Although some of you might wonder whether Khaled Hosseini’s book is truly ‘hidden’ (yes, it is studied in some schools, and yes, it is on Sparknotes), I’m certain that fewer of you will question the fact that it’s as ‘gem’. A timeless coming of age story about friendship, parenthood, suffering and love, The Kite Runner is as complex as they come and should definitely be known for what it truly is.
At its core, The Kite Runner is a story about Afghanistan and its people. Khaled Hosseini depicts Afghanistan, a country which many of us only know from wartime, both before and during the conflict. Before the Russian invasion in 1979, Afghanistan was a place where children played, families stuck to their traditions and some suffered because of religious and ethnic differences. Amir is one of the privileged children of Kabul, but while many think he has everything, he fights for one thing: his father’s admiration. In this fight, however, he commits a sin that haunts him until he gets a chance to atone for it decades later. It is certainly not the kind of sin or atonement anyone would think of either.
Even though the book takes off with two lead characters, it is mostly an illusion, as it is only Amir’s story being told throughout. He is a three-dimensional lead and certainly isn’t a hero from beginning to end. He doesn’t begin as the best main character ever: envious, immature (understandably, as he was only 12), quite selfish and cowardly. However, Amir slowly grows into what many other books would have him be from the beginning, yet another reason why this book is so believable in this sense.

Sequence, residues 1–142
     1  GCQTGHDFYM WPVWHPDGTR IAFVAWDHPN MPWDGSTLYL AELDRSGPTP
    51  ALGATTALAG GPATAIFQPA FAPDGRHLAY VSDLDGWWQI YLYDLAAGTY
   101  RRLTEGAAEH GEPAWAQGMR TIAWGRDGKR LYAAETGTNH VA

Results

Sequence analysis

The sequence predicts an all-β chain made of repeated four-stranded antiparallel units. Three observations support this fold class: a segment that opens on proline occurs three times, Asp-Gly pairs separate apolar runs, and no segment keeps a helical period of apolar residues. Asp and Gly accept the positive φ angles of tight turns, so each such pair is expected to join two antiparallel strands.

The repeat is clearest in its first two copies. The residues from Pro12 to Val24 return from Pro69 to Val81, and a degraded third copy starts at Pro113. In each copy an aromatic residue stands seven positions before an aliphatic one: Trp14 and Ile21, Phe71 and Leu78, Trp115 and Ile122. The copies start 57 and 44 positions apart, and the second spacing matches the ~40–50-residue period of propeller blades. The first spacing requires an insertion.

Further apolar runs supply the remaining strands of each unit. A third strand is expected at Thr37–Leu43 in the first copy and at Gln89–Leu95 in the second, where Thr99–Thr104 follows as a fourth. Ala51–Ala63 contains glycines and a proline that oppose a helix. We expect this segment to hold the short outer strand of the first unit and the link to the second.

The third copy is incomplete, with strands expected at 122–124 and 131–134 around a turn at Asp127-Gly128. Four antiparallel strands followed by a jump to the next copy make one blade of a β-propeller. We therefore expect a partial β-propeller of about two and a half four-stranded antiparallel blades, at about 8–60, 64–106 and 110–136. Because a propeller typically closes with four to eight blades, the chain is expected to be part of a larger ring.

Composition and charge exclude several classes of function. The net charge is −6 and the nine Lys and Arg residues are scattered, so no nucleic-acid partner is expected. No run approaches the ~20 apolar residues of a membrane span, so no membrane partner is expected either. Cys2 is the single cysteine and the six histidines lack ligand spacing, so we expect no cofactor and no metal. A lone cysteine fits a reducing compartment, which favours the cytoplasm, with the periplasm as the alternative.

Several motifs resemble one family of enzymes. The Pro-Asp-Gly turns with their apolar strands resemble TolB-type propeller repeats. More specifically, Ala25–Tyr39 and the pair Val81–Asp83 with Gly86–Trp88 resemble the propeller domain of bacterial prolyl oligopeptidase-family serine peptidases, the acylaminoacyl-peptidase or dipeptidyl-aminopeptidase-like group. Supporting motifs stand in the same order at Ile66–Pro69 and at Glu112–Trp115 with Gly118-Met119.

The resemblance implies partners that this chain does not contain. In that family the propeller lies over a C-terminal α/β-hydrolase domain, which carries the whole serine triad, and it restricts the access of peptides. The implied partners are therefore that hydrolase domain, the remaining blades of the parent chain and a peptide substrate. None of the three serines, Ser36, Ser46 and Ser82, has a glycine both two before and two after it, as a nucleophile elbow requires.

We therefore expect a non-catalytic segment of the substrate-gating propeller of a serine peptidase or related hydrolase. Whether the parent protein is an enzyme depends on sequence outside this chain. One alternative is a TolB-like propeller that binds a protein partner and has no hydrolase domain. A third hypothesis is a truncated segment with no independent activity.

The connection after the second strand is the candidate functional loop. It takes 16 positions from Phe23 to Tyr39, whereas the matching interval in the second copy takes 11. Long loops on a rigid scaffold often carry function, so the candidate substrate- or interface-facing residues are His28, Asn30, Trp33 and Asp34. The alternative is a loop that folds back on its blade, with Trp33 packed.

The Kite Runner is not a difficult read. It is clear, subtle where needs be, filled with raw emotion and avoids endless descriptions or overly complex metaphors. While the plot is a bit exaggerated at times, it definitely makes up for it with its unpredictability and emotional power. Amir’s childhood sin is dark, but it’s not even half as dark as another shocker coming further down the line. It’s completely out of the blue and brings along serious amounts of heartbreak.
For a long time, The Kite Runner was that novel with an intriguing title that everyone on Goodreads seemed to love or have it on their ‘To-Read’ lists. Incidentally, I also had it on mine. I had no idea what running a kite meant for Afghanistan culturally. I definitely didn’t expect to experience so many layers of sadness in a story supposedly based around childhood joy (or whatever it is you’d generally expect from a novel with a title with the word ‘kite’ in it).
Although Hosseini masterfully foreshadows tragedy from the very first page, I did not predict how much of an emotional rollercoaster The Kite Runner would be. Don’t get me wrong though, it’s not a soppy emotional rollercoaster, it’s an exciting one. Even if I felt heavy or worried whenever I closed it, something would make me crave to know what’s coming. And it will be the same for you.
The Kite Runner is getting a reprint on September 21st 2017.